June 4, 2017

Cuteness Aplenty | The Gentleman’s Guide to Vice and Virtue Review| SST TOUR



The Gentleman's Guide to Vice and Virtue by Mackenzi Lee
Published by Katherine Tegen Books on June 27th 2017
Pages: 528

An unforgettable tale of two friends on their Grand Tour of 18th-century Europe who stumble upon a magical artifact that leads them from Paris to Venice in a dangerous manhunt, fighting pirates, highwaymen, and their feelings for each other along the way.
Henry “Monty” Montague was born and bred to be a gentleman, but he was never one to be tamed. The finest boarding schools in England and the constant disapproval of his father haven’t been able to curb any of his roguish passions—not for gambling halls, late nights spent with a bottle of spirits, or waking up in the arms of women or men.
But as Monty embarks on his grand tour of Europe, his quest for a life filled with pleasure and vice is in danger of coming to an end. Not only does his father expect him to take over the family’s estate upon his return, but Monty is also nursing an impossible crush on his best friend and traveling companion, Percy.
Still it isn’t in Monty’s nature to give up. Even with his younger sister, Felicity, in tow, he vows to make this yearlong escapade one last hedonistic hurrah and flirt with Percy from Paris to Rome. But when one of Monty’s reckless decisions turns their trip abroad into a harrowing manhunt that spans across Europe, it calls into question everything he knows, including his relationship with the boy he adores.
Witty, romantic, and intriguing at every turn, The Gentleman’s Guide to Vice and Virtue is a sumptuous romp that explores the undeniably fine lines between friendship and love.

Ah, The Gentleman’s Guide to Vice and Virtue. I have been excited about this book for a long time and I was so happy that I was privileged enough to be able to read an early copy and review for you today for one of the first stops for the Sunday Street Team. I recently saw a specific way of reviewing that I absolutely love on Hardback Horders on Youtube. She gives words that came to her when she read the book and I think that is just the perfect way to start reviewing in a way that I hope is enjoyable for you to read. So, without further ado here are the words I thought of when reading Gentleman’s Guide to Vice and Virtue:


Cute: One of the first words that came to mind when I was reading this book was how cute it was. I felt my heart melting like a warm piece of chocolate at every word. I loved the relationships between Monty, Percy, and Monty’s younger sister Felicity. The banter between Felicity and Monty at times made me laugh out loud many times.

Frustrating: One of the things that I found frustrating about this book is that Monty was a difficult character to like. I completely understand that I am not supposed to like every character but I guess I find this most frustrating because his perspective was the only one we were privy too. He was funny and endearing at first but then as the story went on I could not help but want to take him by the shoulders and shake the little cinnamon roll.  I wanted him to grow up and learn at the end of the story but it felt like that might not have been the case. It was all….very frustrating!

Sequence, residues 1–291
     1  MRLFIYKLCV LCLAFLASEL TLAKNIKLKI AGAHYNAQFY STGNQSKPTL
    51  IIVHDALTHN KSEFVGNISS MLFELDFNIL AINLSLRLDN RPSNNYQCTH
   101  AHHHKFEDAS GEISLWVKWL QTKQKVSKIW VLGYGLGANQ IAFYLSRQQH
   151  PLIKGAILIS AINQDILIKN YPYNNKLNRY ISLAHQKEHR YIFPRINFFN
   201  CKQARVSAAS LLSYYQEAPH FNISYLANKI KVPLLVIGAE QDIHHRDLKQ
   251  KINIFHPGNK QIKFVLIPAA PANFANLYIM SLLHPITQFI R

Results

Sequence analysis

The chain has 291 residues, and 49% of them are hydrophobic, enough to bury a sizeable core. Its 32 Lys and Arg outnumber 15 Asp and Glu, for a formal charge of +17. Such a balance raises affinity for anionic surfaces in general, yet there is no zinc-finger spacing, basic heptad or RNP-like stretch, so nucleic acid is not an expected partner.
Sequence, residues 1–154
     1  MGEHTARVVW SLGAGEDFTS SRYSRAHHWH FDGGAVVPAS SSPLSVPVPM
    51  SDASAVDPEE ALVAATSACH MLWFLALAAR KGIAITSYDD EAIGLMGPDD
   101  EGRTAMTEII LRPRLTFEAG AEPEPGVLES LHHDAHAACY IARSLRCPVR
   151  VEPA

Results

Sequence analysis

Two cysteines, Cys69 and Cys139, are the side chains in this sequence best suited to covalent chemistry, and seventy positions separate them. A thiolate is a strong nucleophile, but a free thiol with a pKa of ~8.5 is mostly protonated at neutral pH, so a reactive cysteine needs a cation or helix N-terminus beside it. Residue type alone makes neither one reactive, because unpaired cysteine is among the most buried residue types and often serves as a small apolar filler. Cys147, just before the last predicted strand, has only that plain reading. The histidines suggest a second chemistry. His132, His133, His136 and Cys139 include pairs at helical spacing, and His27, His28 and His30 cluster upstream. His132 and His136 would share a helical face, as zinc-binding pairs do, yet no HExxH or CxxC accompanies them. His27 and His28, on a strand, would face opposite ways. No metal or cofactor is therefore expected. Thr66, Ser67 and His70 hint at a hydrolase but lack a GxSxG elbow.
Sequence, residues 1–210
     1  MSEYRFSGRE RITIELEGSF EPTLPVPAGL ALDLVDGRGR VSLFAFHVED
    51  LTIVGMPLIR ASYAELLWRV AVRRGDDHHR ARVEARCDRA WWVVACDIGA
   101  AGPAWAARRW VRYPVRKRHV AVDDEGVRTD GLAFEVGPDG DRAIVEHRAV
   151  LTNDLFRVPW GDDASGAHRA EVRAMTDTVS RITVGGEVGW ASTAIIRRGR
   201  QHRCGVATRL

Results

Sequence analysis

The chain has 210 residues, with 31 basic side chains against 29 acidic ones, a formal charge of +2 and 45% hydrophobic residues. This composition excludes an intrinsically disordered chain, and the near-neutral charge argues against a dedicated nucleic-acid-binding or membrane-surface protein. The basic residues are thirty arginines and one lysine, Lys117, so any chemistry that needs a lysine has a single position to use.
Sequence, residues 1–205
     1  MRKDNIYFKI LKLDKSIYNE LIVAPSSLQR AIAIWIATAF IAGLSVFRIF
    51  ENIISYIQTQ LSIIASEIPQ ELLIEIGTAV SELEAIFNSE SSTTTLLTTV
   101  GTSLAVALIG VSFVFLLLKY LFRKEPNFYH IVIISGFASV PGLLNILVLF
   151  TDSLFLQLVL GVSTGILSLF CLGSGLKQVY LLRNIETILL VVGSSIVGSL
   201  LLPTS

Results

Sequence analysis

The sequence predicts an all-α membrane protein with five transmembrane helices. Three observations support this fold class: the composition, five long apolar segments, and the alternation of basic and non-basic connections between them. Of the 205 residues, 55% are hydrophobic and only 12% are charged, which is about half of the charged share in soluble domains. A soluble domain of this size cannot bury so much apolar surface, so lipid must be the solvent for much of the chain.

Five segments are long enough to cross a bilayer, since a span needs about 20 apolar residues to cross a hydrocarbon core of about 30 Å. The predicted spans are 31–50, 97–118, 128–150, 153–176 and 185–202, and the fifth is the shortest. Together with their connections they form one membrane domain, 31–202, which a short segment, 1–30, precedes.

A Hidden Depth: When I first was attracted to this book I knew that it was going to be a fun romp around Europe. What I was not expecting how Lee intertwines such depth to the story that it sneaks up on you and you can’t help but love it. She covers so many diverse topics in the 18th century; bisexual representation, a character dealing with the difficulties of being biracial, disabilities, abuse, PTSD, and sexism. Oh, wow.

I recommend this book for those who want a fun and fast read that has such a hidden depth that you can’t help but love. There are frustrating parts and I wish that the ending was more solid but I think that everyone should give this one a chance!


About the Author:

Mackenzi Lee is a bookseller, history nerd, and the author of THE GENTLEMAN’S GUIDE TO VICE AND VIRTUE, THIS MONSTROUS THING (Katherine Tegen/HarperCollins), and the forthcoming SEMPER AUGUSTUS (Flatiron Books, 2018). She holds an MFA from Simmons College in writing for children and young adults. She loves Diet Coke, sweater weather, and Star Wars. On a perfect day, she can be found enjoying all three. She currently calls Boston home.

6/4 Tour Blogs Stops

Character Profiles – Blame It On The Books

Review –  Bookishly Thinking

Review –  Charmingly Simple

Interview – The Hermit Librarian

6/11 Tour Blogs Stops

Review – Tween to Teen Book Reviews

Interview – Sarcasm and Lemons

Unique Post (Ships to Travel With) – Roecker Reviews

Interview –  Books Buying Beauty

Review – The Ultimate Fangirl

6/18 Tour Blogs Stops

Review – Books and Ladders

Interview –  Book Stack Amber

Review –  YA and Wine

Review – A Thousand Words A Million Books

Unique Post (Characters in Social Media) – Live Love Read YA

6/25 Tour Blog Stops

Interview – Hopeful Reads

Review – Olivia’s Catastrophe

Review – Bayy in Wonderland

Review – Curly Hair Bibliophile

Unique Post (Mood Board) – A Book and A Cup of Coffee

December 18, 2015

Beautiful Inside and Out|Front Lines ARC Review

What do you think of my soldier girls, Gentle Reader? Aimless, naive Rio and sexy Jenou; smart, determined Rainy and gentle, conflicted Frangie?

(ARC, 298)